Saturday, March 24, 2007

Sicily: Cefalu to Monreale



Cefalu

Bondi was almost exactly as I left him last night at embarkation, sitting in the back of the car, looking quite unpeturbed.

As we disembarked in Palermo at 7am, I immediately drove eastwards along the coast to Cefalu, 50km and just under an hour's travel time. Nothing would be open in Palermo at this time anyway, and I'd just have peak traffic to deal with, so this was a nice early morning escape.

I was surprised by the mountainous terrain around Palermo, with some snow on a few peaks. The coast road revealed new towns on each promontory through to Cefalu with its old town sitting at the end of a long beach. It was squally weather, rain and hail coming in briefly every hour or so, but we were fortunate to have clearer skies when walking through Cefalu (or "C E F aloo" as my satnav calls it).




This little courtyard has washbasins that are the only remnant of Arab buildings in Cefalu


The wave-swept walls of old Cefalu remind me of nothing so much as similar, although much more recent buildings lining Ben Buckler on the northern end of Bondi Beach. Of course, stand back, and you'll see just as much modern construction surrounding Cefalu centro storico, although the pictures in tourist publications tend to crop that out.











After a few hours and some macchiatos in the piazza, I thought we should head back towards Palermo. Following the coast side-road as long as I could, I saw a promontory with a tor rising beyond a lower populated spit. Following my nose down towards the water, I found the very picturesque seaside village of Santa Elia (a subvillage of Porticello) which looked across to that tor.

View of Palermo from carpark of hotel in Monreale.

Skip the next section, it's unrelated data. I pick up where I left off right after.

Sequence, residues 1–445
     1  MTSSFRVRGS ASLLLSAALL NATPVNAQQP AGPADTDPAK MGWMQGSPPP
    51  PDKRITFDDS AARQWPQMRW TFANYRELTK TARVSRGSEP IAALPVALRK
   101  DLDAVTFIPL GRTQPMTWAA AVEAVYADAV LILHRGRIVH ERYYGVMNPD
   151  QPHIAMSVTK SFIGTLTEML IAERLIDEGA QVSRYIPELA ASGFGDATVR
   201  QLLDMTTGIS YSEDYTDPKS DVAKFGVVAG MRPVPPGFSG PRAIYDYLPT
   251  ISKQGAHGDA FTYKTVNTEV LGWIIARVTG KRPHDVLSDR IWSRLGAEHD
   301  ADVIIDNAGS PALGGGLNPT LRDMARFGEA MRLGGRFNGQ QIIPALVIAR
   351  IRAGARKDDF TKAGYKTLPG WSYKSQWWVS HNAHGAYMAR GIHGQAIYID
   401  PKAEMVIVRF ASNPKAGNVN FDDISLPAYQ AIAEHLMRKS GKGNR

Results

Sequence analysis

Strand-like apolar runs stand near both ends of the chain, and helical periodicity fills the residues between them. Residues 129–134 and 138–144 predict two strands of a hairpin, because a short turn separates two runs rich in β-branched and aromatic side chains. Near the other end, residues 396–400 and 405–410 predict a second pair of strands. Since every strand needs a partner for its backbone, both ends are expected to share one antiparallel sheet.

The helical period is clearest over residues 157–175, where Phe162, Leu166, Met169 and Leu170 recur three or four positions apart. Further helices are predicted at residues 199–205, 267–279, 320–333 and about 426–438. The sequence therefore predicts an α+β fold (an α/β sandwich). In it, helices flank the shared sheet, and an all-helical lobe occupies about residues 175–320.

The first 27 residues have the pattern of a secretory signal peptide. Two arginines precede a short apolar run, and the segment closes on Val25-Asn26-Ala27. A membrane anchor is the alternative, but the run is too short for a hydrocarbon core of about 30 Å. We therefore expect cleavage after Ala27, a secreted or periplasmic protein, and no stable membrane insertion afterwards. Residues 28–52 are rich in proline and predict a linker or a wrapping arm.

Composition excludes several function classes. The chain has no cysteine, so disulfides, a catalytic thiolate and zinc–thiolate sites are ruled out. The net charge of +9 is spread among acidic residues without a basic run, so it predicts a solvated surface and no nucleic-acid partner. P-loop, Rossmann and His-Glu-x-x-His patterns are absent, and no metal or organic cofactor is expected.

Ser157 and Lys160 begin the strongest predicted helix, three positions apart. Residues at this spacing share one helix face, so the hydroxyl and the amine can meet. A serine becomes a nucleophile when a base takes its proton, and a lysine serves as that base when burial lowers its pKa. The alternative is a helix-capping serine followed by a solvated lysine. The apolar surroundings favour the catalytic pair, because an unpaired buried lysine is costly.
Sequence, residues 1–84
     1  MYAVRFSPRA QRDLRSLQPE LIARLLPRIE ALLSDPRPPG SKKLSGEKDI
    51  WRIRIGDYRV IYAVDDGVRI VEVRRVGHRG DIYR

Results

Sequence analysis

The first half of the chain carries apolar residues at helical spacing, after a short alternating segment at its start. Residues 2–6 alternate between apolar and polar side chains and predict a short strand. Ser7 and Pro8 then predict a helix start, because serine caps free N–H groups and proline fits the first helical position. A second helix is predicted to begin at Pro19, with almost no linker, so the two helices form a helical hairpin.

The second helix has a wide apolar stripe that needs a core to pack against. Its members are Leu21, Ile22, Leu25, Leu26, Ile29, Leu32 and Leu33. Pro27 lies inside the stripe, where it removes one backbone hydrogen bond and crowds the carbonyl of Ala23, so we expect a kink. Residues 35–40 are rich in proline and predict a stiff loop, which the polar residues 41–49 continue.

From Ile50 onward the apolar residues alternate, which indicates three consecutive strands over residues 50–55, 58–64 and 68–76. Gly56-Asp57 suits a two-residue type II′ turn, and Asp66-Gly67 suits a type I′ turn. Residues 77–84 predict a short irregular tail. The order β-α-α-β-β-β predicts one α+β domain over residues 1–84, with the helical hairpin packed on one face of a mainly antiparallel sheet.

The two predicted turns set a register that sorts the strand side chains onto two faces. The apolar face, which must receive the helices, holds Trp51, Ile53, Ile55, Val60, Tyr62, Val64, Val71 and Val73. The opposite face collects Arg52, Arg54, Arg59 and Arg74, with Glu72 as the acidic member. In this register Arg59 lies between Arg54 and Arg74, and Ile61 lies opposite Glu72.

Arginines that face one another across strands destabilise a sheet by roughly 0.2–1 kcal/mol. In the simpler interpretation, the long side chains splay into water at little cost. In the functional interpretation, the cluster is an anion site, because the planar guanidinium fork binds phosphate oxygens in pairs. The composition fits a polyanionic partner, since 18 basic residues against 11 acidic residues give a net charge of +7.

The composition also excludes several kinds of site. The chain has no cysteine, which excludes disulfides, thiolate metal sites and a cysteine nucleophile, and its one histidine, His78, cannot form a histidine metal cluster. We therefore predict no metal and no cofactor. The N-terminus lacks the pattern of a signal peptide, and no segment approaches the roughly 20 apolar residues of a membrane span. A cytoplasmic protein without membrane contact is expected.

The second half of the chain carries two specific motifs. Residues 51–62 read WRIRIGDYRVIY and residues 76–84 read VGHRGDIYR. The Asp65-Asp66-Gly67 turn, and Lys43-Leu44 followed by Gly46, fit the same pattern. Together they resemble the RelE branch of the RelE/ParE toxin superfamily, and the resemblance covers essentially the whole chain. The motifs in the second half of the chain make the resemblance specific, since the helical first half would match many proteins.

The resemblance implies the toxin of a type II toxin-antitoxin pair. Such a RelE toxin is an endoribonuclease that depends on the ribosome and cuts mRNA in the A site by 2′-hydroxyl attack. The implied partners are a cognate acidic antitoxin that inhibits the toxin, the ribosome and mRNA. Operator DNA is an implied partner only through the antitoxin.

Snowduomo. I make myself laugh. Sigh.

Monreale is a hilltop suburb of Palermo with one of Sicily's greatest historical monuments, the 800 year old Norman cathedral. It has one of the most magnificent mosaics of the entire medieval period. I'd booked a hotel about 10 minutes' walk from it, so that we could remain on foot for the rest of the day.


Noah and the flood.


Although the guides say the cathedral is open 9-6 every day, there seems to have been a recent change and it's closed for 3-4 hours in the middle of the day. No hours are posted, and in fact you wouldn't even know which of the many entrances to check for. I was not alone in walking around the building, mystified as to what was going on. Tourist and city buses were still depositing people in the Piazza Guglielmo outside, but of course at this time of day, everything other than snackbars are closed for the 3hour lunch. Found a pasticceria with some fantastic glass-fronted freezers full of their pistachio/chocolate/ricotta ice-cream cakes. Definitely raised my spirits, although Bondi just got to stand looking in the doorway, salivating.





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